$30M Airport Intended to Spur Conway Economy

by Luke Jones  on Monday, May. 19, 2014 12:00 am  

Construction of Conway’s new airport and terminal is underway at the Lollie Bottoms region south of the city.

By summer’s end, a serene area south of Conway, near the banks of the Arkansas River, will be home to a rotating fleet of corporate jets and private planes.

The area, known as the Lollie Bottoms, was chosen to be the site of Conway’s new municipal airport, a site intended to replace the aging Dennis F. Cantrell Field, which was in the middle of the growing city.

City officials say the $30 million project, despite being $80,000 over budget, will bring economic development to the city by attracting corporate customers, and it will solve serious safety issues present at the current site.

Since it was constructed in the late 1930s, the original airstrip has been swallowed by the city, rendering it unable to expand to meet the needs of the companies that want to fly planes in and out of Conway.

“It’s still functional, but the key to our need is the safety issue,” said Jack Bell, assistant to the mayor. “Over the years, there’s been a freeway built at one end and residential and industrial areas at the other end. It’s reduced the functional length of the runway.”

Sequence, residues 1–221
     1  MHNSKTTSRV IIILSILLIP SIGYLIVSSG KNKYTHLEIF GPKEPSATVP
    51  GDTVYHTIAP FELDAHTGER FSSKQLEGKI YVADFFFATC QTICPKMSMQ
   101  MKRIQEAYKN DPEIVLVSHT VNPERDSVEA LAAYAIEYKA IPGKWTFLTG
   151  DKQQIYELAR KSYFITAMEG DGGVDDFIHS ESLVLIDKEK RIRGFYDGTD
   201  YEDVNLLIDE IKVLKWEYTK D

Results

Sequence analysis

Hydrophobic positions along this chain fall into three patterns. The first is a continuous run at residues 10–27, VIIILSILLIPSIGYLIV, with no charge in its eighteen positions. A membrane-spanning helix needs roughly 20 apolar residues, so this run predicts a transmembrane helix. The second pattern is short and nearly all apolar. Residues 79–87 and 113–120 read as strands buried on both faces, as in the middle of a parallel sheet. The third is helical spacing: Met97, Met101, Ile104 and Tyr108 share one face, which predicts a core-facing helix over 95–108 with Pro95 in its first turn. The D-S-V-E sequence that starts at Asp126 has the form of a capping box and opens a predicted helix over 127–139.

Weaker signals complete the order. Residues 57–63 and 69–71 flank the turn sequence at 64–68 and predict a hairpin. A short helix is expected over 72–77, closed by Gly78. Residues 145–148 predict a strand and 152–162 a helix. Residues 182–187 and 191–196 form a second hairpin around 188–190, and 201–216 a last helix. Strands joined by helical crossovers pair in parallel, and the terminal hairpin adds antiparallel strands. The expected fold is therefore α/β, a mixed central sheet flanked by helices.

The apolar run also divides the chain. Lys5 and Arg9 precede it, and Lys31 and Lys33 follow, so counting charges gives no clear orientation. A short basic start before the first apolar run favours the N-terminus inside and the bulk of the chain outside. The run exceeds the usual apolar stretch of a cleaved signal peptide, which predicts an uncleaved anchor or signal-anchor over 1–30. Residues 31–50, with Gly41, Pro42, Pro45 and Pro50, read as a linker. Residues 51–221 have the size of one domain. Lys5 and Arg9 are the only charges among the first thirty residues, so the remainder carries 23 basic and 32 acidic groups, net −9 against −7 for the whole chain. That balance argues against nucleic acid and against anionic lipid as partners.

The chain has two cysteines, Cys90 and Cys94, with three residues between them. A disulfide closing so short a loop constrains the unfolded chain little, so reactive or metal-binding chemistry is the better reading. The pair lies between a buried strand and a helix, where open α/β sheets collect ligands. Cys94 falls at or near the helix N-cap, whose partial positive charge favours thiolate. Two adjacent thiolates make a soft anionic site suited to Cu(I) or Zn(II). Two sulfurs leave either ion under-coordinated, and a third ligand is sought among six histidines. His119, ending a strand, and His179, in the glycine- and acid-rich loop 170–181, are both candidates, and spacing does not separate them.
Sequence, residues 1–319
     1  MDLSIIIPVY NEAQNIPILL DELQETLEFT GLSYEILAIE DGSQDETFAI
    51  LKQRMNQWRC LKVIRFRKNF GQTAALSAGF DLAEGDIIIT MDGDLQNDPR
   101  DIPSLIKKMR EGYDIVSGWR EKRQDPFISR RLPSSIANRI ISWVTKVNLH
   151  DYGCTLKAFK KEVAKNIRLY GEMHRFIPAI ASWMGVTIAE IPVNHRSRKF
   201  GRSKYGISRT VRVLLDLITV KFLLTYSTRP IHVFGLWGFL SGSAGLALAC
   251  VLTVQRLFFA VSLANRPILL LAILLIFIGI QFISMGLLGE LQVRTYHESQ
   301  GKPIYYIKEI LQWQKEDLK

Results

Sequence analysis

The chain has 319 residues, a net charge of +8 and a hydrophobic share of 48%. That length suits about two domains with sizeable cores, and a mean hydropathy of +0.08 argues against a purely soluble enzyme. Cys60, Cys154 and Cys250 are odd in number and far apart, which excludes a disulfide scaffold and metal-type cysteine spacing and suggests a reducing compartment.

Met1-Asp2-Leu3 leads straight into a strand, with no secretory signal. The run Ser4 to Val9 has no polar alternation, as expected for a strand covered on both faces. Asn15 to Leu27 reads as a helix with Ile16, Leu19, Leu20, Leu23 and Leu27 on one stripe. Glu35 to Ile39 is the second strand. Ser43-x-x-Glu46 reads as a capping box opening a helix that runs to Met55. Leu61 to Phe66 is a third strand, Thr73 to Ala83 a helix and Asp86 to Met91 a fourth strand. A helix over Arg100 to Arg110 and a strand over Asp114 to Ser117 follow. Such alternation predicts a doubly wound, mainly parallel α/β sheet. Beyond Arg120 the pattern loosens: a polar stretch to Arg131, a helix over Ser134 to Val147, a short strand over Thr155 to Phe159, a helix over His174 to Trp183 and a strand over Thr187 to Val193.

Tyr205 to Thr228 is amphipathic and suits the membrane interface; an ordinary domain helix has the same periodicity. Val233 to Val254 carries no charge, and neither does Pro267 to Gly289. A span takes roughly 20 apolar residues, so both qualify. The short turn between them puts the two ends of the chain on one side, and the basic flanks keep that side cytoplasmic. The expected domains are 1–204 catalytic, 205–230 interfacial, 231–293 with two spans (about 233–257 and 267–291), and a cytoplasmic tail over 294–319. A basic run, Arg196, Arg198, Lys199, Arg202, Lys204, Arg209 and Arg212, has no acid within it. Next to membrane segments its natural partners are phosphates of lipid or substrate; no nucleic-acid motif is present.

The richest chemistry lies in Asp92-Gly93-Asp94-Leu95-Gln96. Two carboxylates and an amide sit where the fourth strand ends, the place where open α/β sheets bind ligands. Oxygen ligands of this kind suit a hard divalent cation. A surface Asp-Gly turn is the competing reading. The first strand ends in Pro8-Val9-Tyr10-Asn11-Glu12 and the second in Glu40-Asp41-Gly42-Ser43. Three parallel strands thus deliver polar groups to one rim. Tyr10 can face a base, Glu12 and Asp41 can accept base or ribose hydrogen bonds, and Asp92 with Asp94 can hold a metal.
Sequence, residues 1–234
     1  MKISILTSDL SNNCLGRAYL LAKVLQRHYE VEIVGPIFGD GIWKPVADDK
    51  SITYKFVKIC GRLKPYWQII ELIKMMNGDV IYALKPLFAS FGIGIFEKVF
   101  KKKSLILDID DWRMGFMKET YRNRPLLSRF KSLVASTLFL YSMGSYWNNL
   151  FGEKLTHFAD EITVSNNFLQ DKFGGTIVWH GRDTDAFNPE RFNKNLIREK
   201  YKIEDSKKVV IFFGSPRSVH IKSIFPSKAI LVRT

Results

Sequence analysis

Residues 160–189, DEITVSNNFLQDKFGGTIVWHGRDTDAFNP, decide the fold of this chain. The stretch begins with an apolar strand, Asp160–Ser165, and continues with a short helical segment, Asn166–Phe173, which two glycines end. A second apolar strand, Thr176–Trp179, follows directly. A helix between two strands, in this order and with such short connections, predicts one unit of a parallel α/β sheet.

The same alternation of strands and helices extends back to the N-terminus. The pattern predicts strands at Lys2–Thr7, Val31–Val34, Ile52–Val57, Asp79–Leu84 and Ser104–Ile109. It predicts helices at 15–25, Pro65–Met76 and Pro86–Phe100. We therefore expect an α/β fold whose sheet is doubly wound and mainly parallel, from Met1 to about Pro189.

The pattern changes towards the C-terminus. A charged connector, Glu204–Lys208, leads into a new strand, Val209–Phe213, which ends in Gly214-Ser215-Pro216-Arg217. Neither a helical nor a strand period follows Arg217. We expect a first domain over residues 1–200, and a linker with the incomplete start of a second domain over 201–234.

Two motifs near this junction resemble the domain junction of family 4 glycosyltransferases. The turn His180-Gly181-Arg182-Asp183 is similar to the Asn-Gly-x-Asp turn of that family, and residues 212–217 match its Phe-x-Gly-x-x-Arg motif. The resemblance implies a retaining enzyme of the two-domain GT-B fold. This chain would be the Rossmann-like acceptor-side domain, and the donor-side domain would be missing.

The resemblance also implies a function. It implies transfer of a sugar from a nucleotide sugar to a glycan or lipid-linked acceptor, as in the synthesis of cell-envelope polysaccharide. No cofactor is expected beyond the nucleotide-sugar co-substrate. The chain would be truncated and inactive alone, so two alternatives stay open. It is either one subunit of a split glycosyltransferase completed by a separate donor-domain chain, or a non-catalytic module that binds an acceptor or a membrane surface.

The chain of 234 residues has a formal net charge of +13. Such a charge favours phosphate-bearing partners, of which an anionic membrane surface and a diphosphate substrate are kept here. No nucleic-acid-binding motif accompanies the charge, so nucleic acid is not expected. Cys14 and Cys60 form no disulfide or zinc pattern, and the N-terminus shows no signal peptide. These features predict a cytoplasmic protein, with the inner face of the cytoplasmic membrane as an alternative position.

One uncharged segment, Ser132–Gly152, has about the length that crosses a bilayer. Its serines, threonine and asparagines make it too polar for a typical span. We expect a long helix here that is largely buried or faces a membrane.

Plans for a new airport have been discussed since at least the 1970s, but the airport’s shortcomings were highlighted in 2007 when a plane crashed into a residence near the airport, killing the pilot and a woman in the home, and again in 2012, when another pilot died after his plane’s engine failed.

“It’s just too closed-in,” Bell said of the current site. “The [Federal Aviation Administration] realized that and is working with us to build a new one.”

A Growing Budget

In 2012, the city set up a seven-person airport advisory commission to help with the project.

Bill Hegeman, a member of the commission and a previous chairman of the Conway Development Corp., said the process has taken a long time to break ground mainly because it was tough to find a suitable location.

“We looked at a number of different sites,” he said. “What makes this site so attractive is there’s not a lot of residential development around it, just open fields at the present time.”

But costs for the project have always been an issue. In late 2012, it was estimated to be a $20 million project, and the budget has risen by $10 million since then.

 

 

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